||Annual Meeting Workshops- Thursday
View the preliminary program.
How to Register for a Workshop Tutorial
If you have preregistered you may add a workshop by logging onto Anthro Gateway and clicking on the Workshop Registration link.
8:00 AM-5:00 PM
Introduction to Text Analysis
H Russell BernardSarah M Szurek and Amber Wutich
This one-day workshop is an introduction to systematic methods for analyzing qualitative data. Topics include: identifying themes, developing codebooks, producing qualitative descriptions, making systematic comparisons, and building testable models. Participants are introduced to software packages that can facilitate the systematic analysis of qualitative data.
9:00 AM-11:00 AM
NAPA Workshop: Consulting in Organizational Culture and Change
Elizabeth K. Briody
Come participate in a workshop that builds your knowledge and skills in
the area of organizational culture and change! The workshop is designed
to help you discover whether a consulting career may be in your future.
First, we will talk about "consulting basics" – who to approach, what to
do and/or say, how to do it, when to follow up, and why perseverance
and professionalism matter. Second, we will explore how client problems
can connect with the appropriate anthropological methods and theory and
become the basis for a consulting project. Examples will be chosen from
medical and manufacturing settings, among others. Third, we will examine
the research process in which clients often work alongside as partners,
data collection and analysis methods are adapted to suit the project's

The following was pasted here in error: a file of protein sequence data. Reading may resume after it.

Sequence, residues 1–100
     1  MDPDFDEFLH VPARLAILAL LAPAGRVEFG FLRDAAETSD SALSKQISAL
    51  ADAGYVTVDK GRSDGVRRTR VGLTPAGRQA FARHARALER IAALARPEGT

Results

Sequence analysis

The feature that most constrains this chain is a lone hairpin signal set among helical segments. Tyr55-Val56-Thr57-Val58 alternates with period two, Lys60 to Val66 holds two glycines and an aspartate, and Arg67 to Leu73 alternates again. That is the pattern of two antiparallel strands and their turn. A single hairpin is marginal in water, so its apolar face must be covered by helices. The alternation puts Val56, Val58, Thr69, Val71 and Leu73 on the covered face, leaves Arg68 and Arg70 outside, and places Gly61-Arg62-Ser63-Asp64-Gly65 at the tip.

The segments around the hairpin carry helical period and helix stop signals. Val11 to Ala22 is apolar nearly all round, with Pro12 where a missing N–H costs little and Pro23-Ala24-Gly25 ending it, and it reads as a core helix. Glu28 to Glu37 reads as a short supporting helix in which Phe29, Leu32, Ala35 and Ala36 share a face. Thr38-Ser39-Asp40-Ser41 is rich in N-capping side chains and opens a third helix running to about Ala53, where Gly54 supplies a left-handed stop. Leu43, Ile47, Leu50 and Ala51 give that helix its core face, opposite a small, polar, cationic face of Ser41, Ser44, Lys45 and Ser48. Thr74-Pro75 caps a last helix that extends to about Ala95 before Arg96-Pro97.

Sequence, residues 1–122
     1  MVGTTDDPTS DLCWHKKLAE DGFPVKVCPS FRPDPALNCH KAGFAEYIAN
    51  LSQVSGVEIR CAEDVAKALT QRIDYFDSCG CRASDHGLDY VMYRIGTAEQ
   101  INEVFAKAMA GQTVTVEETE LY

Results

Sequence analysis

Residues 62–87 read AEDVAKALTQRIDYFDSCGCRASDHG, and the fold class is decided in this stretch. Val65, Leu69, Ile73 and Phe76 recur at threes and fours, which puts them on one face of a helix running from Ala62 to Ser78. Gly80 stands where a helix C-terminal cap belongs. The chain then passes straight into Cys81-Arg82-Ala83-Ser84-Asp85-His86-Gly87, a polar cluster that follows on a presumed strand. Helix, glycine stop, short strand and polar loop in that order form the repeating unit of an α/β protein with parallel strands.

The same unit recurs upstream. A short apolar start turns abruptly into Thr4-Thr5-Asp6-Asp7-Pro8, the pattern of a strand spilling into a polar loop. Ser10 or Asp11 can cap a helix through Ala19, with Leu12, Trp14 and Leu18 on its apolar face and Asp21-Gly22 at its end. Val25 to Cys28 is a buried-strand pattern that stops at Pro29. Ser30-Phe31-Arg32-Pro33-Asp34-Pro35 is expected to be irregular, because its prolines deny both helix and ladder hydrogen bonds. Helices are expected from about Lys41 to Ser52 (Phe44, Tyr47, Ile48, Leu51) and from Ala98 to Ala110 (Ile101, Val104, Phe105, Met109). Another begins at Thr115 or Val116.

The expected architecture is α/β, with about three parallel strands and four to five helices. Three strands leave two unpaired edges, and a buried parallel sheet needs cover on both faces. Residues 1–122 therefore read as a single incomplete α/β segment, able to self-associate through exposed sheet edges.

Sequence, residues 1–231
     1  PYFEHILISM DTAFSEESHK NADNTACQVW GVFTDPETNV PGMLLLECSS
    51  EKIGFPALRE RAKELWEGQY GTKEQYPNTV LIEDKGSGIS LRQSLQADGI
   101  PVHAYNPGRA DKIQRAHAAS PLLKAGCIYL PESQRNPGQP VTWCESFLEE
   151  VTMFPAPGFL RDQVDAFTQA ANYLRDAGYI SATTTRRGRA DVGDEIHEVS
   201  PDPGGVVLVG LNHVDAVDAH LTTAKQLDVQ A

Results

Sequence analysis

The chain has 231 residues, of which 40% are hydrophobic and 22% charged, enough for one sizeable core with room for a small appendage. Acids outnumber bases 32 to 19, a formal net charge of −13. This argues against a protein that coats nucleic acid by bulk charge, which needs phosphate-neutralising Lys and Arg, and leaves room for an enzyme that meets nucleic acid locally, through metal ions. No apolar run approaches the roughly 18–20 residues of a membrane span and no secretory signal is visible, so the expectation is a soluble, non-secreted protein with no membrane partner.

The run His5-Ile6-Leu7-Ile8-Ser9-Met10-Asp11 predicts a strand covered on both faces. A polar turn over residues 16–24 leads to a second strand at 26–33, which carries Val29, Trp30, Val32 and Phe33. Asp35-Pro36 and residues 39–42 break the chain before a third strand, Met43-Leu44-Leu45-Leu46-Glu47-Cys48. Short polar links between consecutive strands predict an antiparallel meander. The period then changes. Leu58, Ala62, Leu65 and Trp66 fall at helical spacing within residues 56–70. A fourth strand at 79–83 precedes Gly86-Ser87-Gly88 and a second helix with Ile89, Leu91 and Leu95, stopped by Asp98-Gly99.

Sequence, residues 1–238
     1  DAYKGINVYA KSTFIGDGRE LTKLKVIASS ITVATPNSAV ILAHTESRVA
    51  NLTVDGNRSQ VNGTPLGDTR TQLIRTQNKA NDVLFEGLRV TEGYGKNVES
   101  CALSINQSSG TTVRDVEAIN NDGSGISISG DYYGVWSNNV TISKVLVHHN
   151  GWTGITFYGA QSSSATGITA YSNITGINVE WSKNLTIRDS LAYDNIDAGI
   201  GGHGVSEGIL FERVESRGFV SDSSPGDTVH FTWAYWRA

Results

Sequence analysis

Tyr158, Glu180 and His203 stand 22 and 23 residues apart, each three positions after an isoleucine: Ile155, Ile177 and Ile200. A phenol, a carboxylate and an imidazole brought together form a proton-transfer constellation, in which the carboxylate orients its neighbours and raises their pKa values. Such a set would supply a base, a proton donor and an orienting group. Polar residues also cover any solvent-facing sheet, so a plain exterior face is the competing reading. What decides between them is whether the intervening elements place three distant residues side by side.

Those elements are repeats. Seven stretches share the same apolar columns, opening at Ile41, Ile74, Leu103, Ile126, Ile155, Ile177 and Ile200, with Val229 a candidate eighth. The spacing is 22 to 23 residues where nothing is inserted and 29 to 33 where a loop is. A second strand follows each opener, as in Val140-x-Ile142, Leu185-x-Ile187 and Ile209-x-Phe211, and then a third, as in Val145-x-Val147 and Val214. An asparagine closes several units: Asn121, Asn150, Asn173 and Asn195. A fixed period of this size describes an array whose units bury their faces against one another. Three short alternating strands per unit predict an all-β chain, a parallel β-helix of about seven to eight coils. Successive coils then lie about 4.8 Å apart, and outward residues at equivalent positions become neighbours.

focus, and updates and presentations are used to validate the emerging
results, produce buy-in, and guide clients toward action. Fourth, we
discuss how to work effectively with clients to assist them in
addressing the issues they face. Such efforts may take the form of
generating recommendations, tool development, intervention creation, and
workshop delivery. Finally, we focus attention on the thorny issue of
resistance to change – whether by organizational leaders or members –
and consider strategies to mitigate it. Bring your thoughts,
experiences, and recommendations. Hope to see you there!
Submitting a Manuscript to a Peer-Reviewed Journal
As the standards for publication for early career anthropologists and
even graduate students are continually increasing, such scholars are
increasingly interested in finding outlets for publishing research.
Peer-reviewed journals remain the gold standard for publishing original
research. This workshop is taught by Michael Harkin, who has
approximately twenty years of editorial experience at two peer-reviewed
journals. We will discuss targeting the right journal, how to approach
editors, the publication timeline, and ranking issues such as impact
factor. Also covered will be special issues, and transforming conference
papers into published articles.
9:30 AM- 12: 30 PM
Hacking the Academic
Job Interview: Overcoming Imposter Syndrome
interviewing requires a command of both substance and style, crisply showcasing
relevant accomplishments tailored to the position, in a concise, confident mode
of speech. Imposter Syndrome, however, can cause candidates to ramble in a